Don’t bet on Rox; let it ride on the Broncos
Bits ‘n’ pieces ...
■ I recently took to the road in search of the Holy Grail, or easy money, whichever came first.
I found neither.
Unearthed, however, was maybe the most optimistic bet any one person could make: The Colorado Rockies apparently still have a chance to win the World Series — meaning they have not yet been mathematically eliminated from playoff contention.
Got a spare $10? Spare $100?
Fly, drive, hitchhike or peddle as fast as you can to Mesquite, Nev., and get your bet down. The Rockies will earn you a quick $355 for every buck you bet.
That’s right. If Troy Tulowitzki can just get healthy, Carlos Gonzalez goes off as he can, Todd Helton resurrects his career one last time, Christian Friedrich finds the strike zone a bit more often, Drew Pomeranz becomes a bit more consistent — and if all the stars align just the way they are supposed to — the Rox, almost 13 games below .500, still have a chance to win it all.
I actually asked one of the fellas behind the counter at the Casa Blanca sports book in Mesquite if he knew of anyone making such a bet, and he responded with a rather incredulous look, followed by, “Are you kidding me? No one would be that stupid.”
Not even Yours Truly.
Instead, I took my hard-earned money and bet it on the Rockies to beat the Arizona Diamondbacks on the night Jonathan Sanchez made his Rockies debut, thinking the struggling lefty just acquired for Jeremy Guthrie would appreciate the change of scenery and a return to the National League from the much-tougher American League where he had toiled with the Kansas City Royals.
Easy come, easy go.
■ Continuing our betting theme, what a difference a quarterback can make ... at least in the eye of the betting public. The Denver Broncos, of course, acquired one Peyton Manning in the offseason and have gone from roughly 50–1 to win the NFL’s Super Bowl prior to the start of last season to the current 12–1 to 14–1 to win it all. And that is with the second-toughest schedule in the upcoming season, according to opposition won-loss records.
The Broncos rank as the sixth or seventh most-popular Super Bowl pick, according to popular bookmakers like MGM, LeRoys, BetVega.com and Bovada. They rate ahead of the defending champion New York Giants and perennial toughies like Baltimore and Pittsburgh.
The top pick with most is Green Bay, with the Pack somewhere around 5–1 or 6–1. New England is second choice at about 8–1, with the 49ers and Dallas running at 10–1.
You can get a little more bang for your Bronco buck now in Mesquite at the Virgin River or Casa Blanca at 14–1.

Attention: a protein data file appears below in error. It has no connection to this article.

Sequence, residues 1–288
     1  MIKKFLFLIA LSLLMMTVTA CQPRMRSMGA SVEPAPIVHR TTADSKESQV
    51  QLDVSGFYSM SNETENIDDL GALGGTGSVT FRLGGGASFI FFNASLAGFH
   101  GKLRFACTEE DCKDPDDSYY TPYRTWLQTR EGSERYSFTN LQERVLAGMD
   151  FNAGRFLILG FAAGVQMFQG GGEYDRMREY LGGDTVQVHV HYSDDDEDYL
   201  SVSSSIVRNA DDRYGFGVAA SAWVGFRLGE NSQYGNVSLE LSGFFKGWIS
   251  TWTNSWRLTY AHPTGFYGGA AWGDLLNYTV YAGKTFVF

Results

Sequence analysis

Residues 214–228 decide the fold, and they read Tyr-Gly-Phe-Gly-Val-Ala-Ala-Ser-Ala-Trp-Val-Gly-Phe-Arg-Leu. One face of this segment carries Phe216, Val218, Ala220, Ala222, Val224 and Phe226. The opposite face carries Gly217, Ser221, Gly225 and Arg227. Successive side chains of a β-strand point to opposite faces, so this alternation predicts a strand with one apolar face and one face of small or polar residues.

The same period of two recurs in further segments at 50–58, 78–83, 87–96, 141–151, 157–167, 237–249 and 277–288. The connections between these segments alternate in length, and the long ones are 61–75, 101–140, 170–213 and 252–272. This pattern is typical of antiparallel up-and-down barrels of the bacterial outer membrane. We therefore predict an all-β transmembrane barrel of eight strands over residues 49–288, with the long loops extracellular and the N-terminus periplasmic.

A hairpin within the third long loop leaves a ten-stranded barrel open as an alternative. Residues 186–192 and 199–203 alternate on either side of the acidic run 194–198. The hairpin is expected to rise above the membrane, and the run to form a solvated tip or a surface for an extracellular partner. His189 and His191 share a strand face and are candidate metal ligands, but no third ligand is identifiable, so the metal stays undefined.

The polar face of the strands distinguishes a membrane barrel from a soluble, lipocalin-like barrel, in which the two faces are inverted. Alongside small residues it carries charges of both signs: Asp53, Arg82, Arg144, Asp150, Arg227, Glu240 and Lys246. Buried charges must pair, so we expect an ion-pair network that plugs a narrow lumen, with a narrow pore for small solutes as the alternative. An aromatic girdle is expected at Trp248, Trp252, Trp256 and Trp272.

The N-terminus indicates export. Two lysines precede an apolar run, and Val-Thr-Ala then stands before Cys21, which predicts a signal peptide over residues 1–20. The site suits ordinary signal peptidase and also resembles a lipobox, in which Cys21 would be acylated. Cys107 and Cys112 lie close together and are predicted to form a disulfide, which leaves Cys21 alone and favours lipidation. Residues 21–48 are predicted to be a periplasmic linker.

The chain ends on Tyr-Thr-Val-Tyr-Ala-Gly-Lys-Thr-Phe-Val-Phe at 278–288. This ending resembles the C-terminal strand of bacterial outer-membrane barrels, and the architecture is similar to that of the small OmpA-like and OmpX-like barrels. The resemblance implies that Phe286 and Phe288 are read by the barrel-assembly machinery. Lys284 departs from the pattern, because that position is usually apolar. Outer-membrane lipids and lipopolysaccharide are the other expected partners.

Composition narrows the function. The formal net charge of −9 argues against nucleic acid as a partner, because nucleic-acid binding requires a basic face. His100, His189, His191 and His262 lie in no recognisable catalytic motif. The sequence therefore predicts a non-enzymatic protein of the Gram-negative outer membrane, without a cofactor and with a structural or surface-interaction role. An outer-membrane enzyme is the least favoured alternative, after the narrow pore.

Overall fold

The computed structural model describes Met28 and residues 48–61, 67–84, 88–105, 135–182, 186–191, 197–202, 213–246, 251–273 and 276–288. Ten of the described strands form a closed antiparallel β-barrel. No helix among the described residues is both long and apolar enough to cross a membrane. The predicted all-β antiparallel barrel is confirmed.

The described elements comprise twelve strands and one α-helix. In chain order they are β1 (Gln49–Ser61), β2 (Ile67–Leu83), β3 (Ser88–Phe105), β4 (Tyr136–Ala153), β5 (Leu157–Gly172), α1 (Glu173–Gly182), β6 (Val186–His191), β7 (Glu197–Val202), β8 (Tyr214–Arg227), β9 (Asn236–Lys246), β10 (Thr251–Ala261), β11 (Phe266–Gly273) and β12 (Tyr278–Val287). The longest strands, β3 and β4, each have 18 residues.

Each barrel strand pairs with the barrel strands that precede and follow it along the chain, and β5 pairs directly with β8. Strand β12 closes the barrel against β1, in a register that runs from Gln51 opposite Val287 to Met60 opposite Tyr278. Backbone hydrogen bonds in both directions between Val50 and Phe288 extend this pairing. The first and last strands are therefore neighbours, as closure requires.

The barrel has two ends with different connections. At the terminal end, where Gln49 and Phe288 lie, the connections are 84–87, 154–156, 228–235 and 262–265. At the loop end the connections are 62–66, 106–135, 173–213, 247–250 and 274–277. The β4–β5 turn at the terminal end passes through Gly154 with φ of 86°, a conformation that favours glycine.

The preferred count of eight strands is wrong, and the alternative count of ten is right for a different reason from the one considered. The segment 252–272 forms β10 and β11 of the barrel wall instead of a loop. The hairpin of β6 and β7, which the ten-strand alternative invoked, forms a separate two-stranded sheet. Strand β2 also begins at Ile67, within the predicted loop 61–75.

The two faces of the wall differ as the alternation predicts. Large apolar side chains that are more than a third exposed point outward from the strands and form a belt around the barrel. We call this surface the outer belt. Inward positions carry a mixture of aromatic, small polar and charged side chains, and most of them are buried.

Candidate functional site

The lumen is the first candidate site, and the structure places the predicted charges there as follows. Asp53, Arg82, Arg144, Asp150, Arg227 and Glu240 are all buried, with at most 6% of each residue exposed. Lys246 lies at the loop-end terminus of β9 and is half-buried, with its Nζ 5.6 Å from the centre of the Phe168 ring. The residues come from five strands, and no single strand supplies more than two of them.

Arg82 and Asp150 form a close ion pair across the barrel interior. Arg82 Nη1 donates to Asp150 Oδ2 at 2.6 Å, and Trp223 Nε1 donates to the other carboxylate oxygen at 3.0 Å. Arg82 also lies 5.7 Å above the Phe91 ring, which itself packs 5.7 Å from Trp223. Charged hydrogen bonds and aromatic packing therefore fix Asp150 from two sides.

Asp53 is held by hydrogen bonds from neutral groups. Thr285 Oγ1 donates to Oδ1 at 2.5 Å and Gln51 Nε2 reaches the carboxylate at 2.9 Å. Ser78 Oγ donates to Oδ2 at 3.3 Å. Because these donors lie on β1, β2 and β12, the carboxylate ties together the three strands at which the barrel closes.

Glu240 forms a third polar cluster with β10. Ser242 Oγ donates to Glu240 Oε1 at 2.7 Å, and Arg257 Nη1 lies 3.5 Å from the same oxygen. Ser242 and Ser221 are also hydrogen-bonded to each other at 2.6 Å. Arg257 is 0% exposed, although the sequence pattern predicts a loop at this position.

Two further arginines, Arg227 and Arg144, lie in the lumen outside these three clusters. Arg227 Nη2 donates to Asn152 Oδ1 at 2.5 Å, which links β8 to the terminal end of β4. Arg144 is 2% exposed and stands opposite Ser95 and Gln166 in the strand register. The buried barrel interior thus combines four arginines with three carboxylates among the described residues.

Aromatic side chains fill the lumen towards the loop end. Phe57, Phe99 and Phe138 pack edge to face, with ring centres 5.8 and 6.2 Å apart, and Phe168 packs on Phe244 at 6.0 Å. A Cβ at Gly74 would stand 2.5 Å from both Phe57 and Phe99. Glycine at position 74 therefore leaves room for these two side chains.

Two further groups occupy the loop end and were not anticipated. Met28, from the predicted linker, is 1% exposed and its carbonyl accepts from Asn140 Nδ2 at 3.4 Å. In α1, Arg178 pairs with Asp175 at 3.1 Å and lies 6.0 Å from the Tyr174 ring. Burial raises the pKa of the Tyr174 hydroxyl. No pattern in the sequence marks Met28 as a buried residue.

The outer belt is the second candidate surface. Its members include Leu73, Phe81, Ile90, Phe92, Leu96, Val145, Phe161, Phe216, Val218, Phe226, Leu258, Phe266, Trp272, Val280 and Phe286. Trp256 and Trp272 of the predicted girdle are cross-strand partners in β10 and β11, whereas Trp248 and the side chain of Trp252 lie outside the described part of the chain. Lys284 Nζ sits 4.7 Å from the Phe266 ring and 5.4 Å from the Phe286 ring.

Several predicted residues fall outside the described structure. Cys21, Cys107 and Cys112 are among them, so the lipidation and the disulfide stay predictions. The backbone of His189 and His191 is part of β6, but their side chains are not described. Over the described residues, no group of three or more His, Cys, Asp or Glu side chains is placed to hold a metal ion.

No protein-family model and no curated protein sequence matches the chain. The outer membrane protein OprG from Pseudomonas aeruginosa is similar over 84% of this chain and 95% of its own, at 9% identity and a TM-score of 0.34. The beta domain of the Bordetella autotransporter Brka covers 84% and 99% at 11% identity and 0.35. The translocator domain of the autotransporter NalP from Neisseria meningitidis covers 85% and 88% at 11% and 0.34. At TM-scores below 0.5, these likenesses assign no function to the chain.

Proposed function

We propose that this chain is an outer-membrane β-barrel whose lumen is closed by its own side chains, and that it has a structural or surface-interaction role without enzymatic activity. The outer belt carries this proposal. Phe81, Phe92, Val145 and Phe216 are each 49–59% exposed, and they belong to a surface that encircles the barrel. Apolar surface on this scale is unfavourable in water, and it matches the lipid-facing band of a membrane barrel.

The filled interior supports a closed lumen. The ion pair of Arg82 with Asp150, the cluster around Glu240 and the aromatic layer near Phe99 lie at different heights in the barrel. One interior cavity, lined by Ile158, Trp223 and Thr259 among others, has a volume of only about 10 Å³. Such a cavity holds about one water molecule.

■ One of the big betting surprises I encountered in looking at futures proposition bets was on Tad Boyle’s University of Colorado basketball team — an up-and-comer to be sure.
Boyle’s Buffs stunned everyone last season by winning the Pac-12 conference tournament to earn a rare NCAA tournament berth, where they advanced to the third round. The Buffs were at 55–1 to win the NCAA title next year at the Casa Blanca, and in very heady company with the likes of Alabama, Georgetown and even Gonzaga.
Respect, it seems, is starting to rear its head in Boulder.
Not so much so for the Buffs’ football team, however, which has been picked by Pac-12 sportswriters to finish last in the conference.
■ From the Incredible But True Department comes this story from Ken Gregory, retired Central High School teaching legend who spent much of the past decade in Mesquite, working as a course marshal on one of the Nevada city’s fine golf courses.
Gregory tells the sad tale of Bill McClure, a worker at the course who was driving his golf cart up over a rain-soaked hill. It seems the cart skidded, and McClure, thinking he may crash, stuck a foot out onto the ground preparing to jump.
The foot got tangled with a wheel, and McClure crashed just off the cart path near the bottom of the hill, his ankle broken so badly the two major bones were snapped, with one of those bones sticking out of the leg.
Another course worker came upon the scene and was attempting to help McClure when two golf carts skirted past the accident scene rapidly, with the rider in the last cart screaming, “Oh, how gross,” on the way to the next tee box, where the foursome casually teed off and continued on its merry way.
Here’s hoping every member of that foursome that passed so callously never hits another ball square, never makes another four-foot putt, nor wins another bet.
Come on karma!
Rick Jussel is a former Daily Sentinel sports editor (think Dark Ages) and journalism teacher at Grand Junction High School, who belongs in the Armchair Quarterback Hall of Fame, if only there was one.